DUI/DWI Interlock Device Instead of License Suspension
New Bill would offer NJ DWI or DUI the option to install an Interlock Device versus having license revocation for assigned period of time. The other parts to this Bill would extend the length of time for repeat offenders for suspension.
If you have been charged with a DUI in New Jersey, you need to call Simon Law Group today for your free consultation! Call 800-709-1131 and speak with a NJ DUI Attorney about getting your DUI charges dismissed.
Bill Would Make Interlock Device Available to All N.J. DWI Convicts
Michael Booth, New Jersey Law Journal
March 25, 2014
New Jersey lawmakers have advanced a bill to allow more convicted drunken drivers the option of having ignition interlock devices installed in their cars as an alternative to license revocation.
The Senate Judiciary Committee unanimously recommended passage of S-385, sponsored by committee Chairman Sen. Nicholas Scutari, D-Union, and Sen. James Whelan, D-Atlantic.
State law now requires installation of the devices for repeat offenders and first-time offenders with a blood-alcohol concentration of .15 percent or greater.
The legislation passed by the committee Monday would expand availability to all drunken drivers, with the mandated length of time to be based on the number of offenses and the blood-alcohol content underlying them.
An interlock is similar to a breath analyzer that is installed on the dashboard of an automobile. If the machine detects alcohol, the engine will not start.
All states now mandate the use of the devices and 20 states require them for first-time offenders.
Under S-385, a first-time offender with a BAC of between .08 and .10 percent would have the device installed for three months. A driver with a BAC between .10 percent and .15 percent would have the device installed for seven months to a year.
A first-time offender with a BAC of .15 percent of more would receive a 7- to 12-month suspension but could apply to have a device installed after 90 days.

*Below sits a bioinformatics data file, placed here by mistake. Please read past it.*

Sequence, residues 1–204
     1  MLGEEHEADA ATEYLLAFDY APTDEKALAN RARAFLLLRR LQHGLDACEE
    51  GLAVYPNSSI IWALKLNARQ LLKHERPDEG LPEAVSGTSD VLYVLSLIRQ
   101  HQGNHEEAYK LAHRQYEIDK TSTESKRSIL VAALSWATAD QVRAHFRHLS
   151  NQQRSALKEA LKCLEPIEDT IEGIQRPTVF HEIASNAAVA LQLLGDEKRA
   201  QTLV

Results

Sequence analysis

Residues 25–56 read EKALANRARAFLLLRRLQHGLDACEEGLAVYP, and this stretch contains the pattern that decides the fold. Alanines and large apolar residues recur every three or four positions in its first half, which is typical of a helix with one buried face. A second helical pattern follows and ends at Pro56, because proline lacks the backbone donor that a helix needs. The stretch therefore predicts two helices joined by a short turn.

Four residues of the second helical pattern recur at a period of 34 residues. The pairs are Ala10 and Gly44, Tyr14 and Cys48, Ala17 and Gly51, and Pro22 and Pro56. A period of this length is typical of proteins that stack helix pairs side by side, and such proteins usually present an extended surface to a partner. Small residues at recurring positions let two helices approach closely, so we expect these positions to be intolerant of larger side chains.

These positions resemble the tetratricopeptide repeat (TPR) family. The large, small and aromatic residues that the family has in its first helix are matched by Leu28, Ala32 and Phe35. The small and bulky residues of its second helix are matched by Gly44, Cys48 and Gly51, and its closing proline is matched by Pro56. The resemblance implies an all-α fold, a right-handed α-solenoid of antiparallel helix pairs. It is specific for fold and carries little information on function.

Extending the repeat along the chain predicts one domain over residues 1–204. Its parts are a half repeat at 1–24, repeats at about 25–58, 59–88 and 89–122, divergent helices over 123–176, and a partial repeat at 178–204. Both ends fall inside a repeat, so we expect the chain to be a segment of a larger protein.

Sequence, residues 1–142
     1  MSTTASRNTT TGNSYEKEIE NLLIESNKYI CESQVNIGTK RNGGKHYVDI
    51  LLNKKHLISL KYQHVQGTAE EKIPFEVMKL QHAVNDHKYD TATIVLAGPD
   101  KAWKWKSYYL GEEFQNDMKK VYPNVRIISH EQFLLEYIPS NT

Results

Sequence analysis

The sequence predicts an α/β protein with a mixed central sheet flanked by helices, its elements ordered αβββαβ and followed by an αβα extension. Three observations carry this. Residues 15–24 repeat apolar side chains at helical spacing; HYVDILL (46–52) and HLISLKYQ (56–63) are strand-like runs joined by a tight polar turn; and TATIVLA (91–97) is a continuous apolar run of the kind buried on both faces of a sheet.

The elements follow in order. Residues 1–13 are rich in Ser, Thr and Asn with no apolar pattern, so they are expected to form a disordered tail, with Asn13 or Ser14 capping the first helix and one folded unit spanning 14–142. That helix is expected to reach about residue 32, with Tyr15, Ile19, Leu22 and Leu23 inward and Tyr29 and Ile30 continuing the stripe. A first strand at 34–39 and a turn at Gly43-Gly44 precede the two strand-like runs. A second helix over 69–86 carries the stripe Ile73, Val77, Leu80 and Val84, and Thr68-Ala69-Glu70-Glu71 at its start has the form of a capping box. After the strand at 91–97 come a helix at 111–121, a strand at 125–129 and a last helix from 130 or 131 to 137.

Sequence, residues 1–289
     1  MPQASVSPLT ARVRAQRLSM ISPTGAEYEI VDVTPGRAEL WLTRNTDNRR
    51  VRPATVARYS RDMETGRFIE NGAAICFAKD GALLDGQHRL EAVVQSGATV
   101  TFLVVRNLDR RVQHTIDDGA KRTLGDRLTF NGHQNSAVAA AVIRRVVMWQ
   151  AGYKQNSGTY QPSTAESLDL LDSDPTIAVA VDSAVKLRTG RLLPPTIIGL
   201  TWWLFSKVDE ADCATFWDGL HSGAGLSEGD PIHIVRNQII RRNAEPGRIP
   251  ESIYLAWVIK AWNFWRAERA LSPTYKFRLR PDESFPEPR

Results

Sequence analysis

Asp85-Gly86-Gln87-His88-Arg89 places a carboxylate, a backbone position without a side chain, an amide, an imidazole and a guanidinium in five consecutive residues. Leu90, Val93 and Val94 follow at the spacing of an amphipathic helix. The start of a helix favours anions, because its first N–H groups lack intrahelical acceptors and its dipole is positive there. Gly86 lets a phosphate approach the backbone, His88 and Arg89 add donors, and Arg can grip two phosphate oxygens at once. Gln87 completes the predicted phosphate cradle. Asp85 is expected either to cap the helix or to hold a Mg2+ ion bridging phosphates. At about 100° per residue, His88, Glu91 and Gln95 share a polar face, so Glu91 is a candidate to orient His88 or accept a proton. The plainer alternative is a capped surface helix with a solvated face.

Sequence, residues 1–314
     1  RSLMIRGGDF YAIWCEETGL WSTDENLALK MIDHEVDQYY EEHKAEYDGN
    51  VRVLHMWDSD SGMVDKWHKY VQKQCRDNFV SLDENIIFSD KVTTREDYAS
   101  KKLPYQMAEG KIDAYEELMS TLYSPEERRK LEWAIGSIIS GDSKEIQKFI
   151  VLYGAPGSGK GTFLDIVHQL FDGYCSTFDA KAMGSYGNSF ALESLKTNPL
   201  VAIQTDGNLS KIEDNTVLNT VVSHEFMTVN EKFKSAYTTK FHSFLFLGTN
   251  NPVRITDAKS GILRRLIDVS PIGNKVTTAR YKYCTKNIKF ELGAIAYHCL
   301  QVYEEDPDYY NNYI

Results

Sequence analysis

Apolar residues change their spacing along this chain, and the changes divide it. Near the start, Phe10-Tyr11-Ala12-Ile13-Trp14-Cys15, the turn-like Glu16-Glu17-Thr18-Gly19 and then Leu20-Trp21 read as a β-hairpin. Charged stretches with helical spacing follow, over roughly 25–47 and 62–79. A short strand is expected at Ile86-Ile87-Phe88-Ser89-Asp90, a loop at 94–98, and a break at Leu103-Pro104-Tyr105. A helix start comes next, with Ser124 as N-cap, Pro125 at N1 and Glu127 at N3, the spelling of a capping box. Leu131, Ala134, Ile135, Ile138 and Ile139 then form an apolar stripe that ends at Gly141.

In any event, licenses would be suspended for 10 days to allow for rental and installation of the device.
A person with a second DWI would see his or her license suspended for two to four years, instead of two years, and a person with a third DWI will have his or her license suspended for 10 to 20 years, instead of the current 10 years. A judge could order a device to be installed for an additional period following the suspension.
If a device detects alcohol in a driver attempting to start his or her car during the last one-third of the mandated use period, a judge could increase that time by one-third of the original time period.
Scutari said that if a driver cannot afford to rent a device or does not want to pay for one, he or she would have to continue to have his or her license suspended, as is required under current law.
The legislation received generally positive reviews during the hearing.
Cathleen Lewis, director of public affairs and government relations for the New Jersey chapter of the American Automobile Association, suggested that the measure be extended to truck drivers, who can be convicted of DWI if they have a BAC of .04 percent.
“Ignition interlocking devices change behavior,” she said.
The legislation was written with advice from the Washington, D.C.-based Coalition of Ignition Interlock Manufacturers.
Jack Dalton, the coalition’s director of public policy, told the committee that the average cost for renting a device is about $75 to $100 a month. Depending on state rules, most of the rental fee goes to the manufacturer, while a smaller portion goes into a state-operated fund to help indigent drivers pay.
Responding to questions from Sen. Robert Smith, D-Middlesex, Dalton said that in cases where there is more than one car available to a convicted drunken driver, the driver will have to designate one car that he or she drives. A drunken driver who is caught using a car not equipped with an interlock device can have his license suspended and lose the right to use the device.
Smith asked whether a driver who has been drinking could fool the machine by having someone who had not been drinking blow into the device. Dalton said the driver must blow into the machine again five to 10 minutes after the engine has started, and again in intervals of every 20 to 40 minutes thereafter.
The Administrative Office of the Courts has some concerns about the bill, said Daniel Phillips, its director of legislative affairs. Chief among them is the lack of supervision in the installation and maintenance of the devices. Most states, he said, have an agency responsible for ensuring that the devices are installed and used properly. “Here, we’re putting faith in the drivers,” he said.
The New Jersey State Bar Association had opposed the bill but its legislative director, Todd Sidor, said the bar has dropped its opposition because the bill has deleted language requiring the installation of a placard on the car’s license plate stating that the driver is using a device. Also removed were enhanced penalties for driving drunk in a school zone.